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Apr 5, 2013 | 07:09 GMT

4 mins read

New Delhi's Outreach to Pyongyang

It can be difficult to separate the important from unimportant on any given day. Reflections mean to do exactly that — by thinking about what happened today, we can consider what might happen tomorrow.

South Korean Defense Minister Kim Kwan Jin announced Thursday that North Korea had moved an unnamed missile system with "considerable" range to its eastern coast, marking Pyongyang's latest provocation as it continues to stoke tensions with South Korea and the West. China, the traditional bulwark against North Korean aggression, has largely been perceived as either unwilling or unable to effectively diminish Pyongyang's supposed threat, while the United States has maintained an overt retaliatory show of force in response to Pyongyang's latest provocations. Amid the continuing tension, some quiet moves out of India are worth noting.

North Korean state media outlet KCNA reported Wednesday that Indian Joint Secretary and Head of East Asian Affairs Gautam Bambawale had paid a visit to Pyongyang. Bambawale has a strong relationship with the Indian intelligence community and a reputation in New Delhi for achieving results. India's usually hyperactive media overlooked the trip, but the timing of the visit and the personality involved suggest this was anything but a routine diplomatic visit. Discretion seems to have been a priority, as Bambawale's travel arrangements did not follow normal protocols and state air carrier Air India was not used. Judging by other events he had scheduled for this week in India and then canceled, his visit to Pyongyang appears to have been planned within the last week or so. Stratfor has also received indications that Washington may have pushed for Bambawale to visit North Korea, in advance of his April 15 visit to Beijing, to help defuse the situation on the peninsula.

India's outreach to Pyongyang, especially if it is in coordination with the United States, is a deviation from the non-aligned foreign policy objectives New Delhi has at least publically subscribed to since the Cold War era, and especially in the years since former Prime Minister Indira Gandhi's death. Though this suggests that India is becoming more involved in affairs to its east, it is important to look at how the visit affects India's own regional interests, instead of seeing New Delhi as falling in line with Washington’s policy prerogatives.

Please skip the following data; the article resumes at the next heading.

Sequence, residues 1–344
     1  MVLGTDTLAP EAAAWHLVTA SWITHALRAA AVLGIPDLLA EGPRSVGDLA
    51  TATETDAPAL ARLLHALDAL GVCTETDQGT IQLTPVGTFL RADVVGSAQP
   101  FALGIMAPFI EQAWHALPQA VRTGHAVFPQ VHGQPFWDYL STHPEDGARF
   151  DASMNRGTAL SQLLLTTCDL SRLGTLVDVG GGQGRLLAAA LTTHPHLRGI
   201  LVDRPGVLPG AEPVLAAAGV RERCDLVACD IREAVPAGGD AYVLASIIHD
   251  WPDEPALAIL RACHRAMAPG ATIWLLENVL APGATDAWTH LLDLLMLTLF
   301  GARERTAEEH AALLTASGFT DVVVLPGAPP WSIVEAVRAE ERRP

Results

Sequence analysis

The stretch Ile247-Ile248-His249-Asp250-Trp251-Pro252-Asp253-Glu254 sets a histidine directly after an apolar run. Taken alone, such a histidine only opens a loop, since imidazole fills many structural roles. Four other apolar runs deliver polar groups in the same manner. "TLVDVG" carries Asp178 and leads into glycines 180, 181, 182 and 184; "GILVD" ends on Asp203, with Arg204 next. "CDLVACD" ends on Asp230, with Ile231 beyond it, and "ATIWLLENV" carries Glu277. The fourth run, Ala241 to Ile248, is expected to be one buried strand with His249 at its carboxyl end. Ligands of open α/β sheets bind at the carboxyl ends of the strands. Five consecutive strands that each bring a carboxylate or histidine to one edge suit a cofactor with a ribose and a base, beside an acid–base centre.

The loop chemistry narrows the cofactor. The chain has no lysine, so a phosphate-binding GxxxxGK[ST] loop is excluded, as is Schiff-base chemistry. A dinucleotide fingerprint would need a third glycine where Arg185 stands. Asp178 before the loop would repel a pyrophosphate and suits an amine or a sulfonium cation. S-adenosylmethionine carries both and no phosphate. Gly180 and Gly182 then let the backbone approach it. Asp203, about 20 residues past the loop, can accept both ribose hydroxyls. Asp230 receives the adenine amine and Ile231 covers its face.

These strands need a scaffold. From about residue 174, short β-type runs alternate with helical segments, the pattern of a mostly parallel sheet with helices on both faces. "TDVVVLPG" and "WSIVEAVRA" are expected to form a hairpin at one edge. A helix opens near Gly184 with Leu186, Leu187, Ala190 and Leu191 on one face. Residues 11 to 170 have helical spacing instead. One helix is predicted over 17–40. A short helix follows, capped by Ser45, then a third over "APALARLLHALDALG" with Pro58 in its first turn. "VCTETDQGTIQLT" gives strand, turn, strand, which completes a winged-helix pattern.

Even with the Indian government's discretion surrounding the visit, the trip brought into focus two emerging trends. One is the perception of Beijing's weakening position on Pyongyang, with North Korea's tendency to continue its provocative posturing in recent years leading to the international community's questioning of China's ability to rein in its smaller neighbor. A shift in perception of China's role as the sole state sponsor and credible mediator on behalf of the North Koreans has created openings for other states to try and bridge the latter role. This can be seen in the increased Russian media campaign surrounding heightened tensions on the Korean peninsula and, most recently, in India's cooperation with Washington.

The second trend focuses on India itself. New Delhi has struggled through economic boom and bust cycles and a steady decentralization of state power in the years following Indira Gandhi's controversial tenure as prime minister. During India's economic transformation in the 1990s, the country experienced a period of accelerated growth, and India was included within the supposed emerging economic powerhouses known as the BRICS. But for all the headlines and publicity, India's regional and international heft has not increased proportionally. New Delhi has consistently seen its role in global affairs diminish, even as its economy has made real gains.

There are now signs that India is seeking to reverse its position, including increased Indian investments in Latin American and Central Asian energy projects, attempts to take on a larger political and economic role in Afghanistan, and greater military coordination with Japan and Australia. Pyongyang's recent provocations now have given New Delhi an opportunity — international actors such as the United States can look to a democratic, unaligned state such as India to relay messages or diplomatically engage "rogue states" such as North Korea. India attempted to serve a similar role in facilitating dialogue between China and the United States in the 1950s and 1960s — an opportunity Washington declined to take advantage of at the time.

India is slowly attempting to reposition itself on the global playing field, with a special focus on Asia. As a non-aligned nation, India is well positioned to play a messenger role, particularly as Beijing's ability to rein in North Korea comes under scrutiny. While such moves fit India's interests, New Delhi has limited ability to shape policy shifts out of Pyongyang; instead, India can focus on becoming a future venue for the facilitation of regional dialogues.

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